[*232] Nor does Outlaw allege any indifference by Dr. Jaiyebo. Dr. Jaiyebo wrote Outlaw in January 2001 informing him of the diagnosis and explaining that Outlaw had been "scheduled already to be seen by the doctor ... for the hepatitis C." In his complaint, Outlaw does not suggest that the scheduled treatment was not received, or that, if it was not, that Dr. Jaiyebo was aware of that fact.


Similarly, Outlaw's contention that he contracted hepatitis C from exposure to human waste fails because he does not allege that any of the defendants knew about the waste in the segregation unit. It is extremely unlikely that Outlaw contracted hepatitis C from exposure to human waste. n1 But even if he did, Outlaw's complaint still does not even hint at the possibility that any of the defendants knew about the unsanitary conditions in the segregation unit. Therefore, his allegation that sometime while in the ISP detention unit he "was subjected to conditions of human waste" also fails to state a claim for an Eighth Amendment violation. Nothing in Outlaw's complaint or the materials included with it support his conclusory allegation that defendants "wontonly [sic] and willfully" violated his constitutional rights with "intentional and reckless indifference."



Accordingly, the judgment of the district court is AFFIRMED.




*The defendants filed a motion for an order of non-involvement, which we granted. We thus consider only the appellant's brief. After an examination of the brief and the record, we have concluded that oral argument is unnecessary. Thus, the appeal is submitted on the brief and the record.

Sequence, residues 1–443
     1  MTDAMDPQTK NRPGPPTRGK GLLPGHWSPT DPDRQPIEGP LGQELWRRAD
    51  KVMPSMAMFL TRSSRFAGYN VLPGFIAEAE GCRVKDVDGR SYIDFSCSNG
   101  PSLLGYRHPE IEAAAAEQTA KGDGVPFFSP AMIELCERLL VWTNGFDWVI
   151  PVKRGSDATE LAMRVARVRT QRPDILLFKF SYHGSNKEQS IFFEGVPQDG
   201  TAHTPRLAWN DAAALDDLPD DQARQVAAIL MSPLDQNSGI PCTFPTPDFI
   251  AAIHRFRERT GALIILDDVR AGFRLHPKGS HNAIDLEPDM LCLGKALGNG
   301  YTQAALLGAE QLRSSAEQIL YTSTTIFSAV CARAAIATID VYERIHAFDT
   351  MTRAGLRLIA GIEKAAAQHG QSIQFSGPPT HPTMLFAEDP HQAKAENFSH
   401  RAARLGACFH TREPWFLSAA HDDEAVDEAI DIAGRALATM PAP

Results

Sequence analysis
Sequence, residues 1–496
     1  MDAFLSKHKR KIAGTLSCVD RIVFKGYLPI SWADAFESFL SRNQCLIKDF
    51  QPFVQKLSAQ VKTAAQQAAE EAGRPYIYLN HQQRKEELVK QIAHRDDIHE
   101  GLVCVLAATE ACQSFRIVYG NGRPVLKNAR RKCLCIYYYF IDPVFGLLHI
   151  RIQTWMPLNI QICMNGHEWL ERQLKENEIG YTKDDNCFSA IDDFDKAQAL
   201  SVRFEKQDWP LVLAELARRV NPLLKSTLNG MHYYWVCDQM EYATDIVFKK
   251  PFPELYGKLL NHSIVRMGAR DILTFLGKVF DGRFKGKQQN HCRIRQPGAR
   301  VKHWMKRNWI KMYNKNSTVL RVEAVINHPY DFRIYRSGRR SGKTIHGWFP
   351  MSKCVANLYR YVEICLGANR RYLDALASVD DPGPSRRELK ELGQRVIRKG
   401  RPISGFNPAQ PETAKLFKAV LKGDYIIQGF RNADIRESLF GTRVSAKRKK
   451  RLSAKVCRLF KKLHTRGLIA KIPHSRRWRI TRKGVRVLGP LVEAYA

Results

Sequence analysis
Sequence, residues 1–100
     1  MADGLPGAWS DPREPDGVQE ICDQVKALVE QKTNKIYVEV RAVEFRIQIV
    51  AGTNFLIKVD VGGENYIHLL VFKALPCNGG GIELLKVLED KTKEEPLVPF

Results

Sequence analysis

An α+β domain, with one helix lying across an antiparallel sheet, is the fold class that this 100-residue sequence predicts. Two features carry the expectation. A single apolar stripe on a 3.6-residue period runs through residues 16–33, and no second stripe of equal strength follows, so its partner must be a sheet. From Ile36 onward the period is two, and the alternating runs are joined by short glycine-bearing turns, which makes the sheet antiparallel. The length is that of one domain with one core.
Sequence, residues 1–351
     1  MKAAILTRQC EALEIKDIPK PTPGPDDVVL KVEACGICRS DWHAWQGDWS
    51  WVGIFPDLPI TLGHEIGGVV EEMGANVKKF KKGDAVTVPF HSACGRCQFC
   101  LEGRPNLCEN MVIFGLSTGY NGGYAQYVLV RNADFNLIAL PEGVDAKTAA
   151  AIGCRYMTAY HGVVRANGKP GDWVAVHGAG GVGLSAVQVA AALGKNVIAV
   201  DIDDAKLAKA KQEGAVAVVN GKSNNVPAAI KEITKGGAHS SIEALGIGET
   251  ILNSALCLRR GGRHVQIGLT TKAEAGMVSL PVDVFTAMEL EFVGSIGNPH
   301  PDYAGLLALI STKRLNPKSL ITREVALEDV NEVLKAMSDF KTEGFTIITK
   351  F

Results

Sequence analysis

n1 The materials Outlaw submitted with his complaint identify the "major risk factors for acquiring hepatitis C" as "intravenous drug use and transfusion of blood or blood products prior to 1992." App. 5. Further information from links on a web page included with Outlaw's complaint reveals the following major risk factors for hepatitis C: being a hemophelia patient who received clotting products prior to 1987; receiving hemodialysis; receiving an organ transplant; participating in IV drug use; receiving a blood transfusion prior to 1992; receiving a needle-stick injury; obtaining a tattoo or bodypiercing; and engaging in sexual activity with multiple partners (heterosexual or homosexual). See Schering Hepatitis Innovations, Major Risk Factors for Hepatitis A, B and C, at (last visited Dec. 7, 2002); see also Stedman's Medical Dictionary 808 (27th ed. 2000) ("Hepatitis C is the principal form of transfusion-induced hepatitis; a chronic active form often develops."); The Merck Manual of Medical Information 571 (Home ed. 1997) ("[Hepatitis C virus] is most commonly transmitted by injecting drug users who share needles."); Roscoe N. Gray, M.D. & Louise J. Gordy, M.D., LL.B., Attorneys' Textbook of Medicine P 227.41, (Jo-Ann Shain ed., MB 3d ed. 2002) (hepatitis C is transmitted through blood).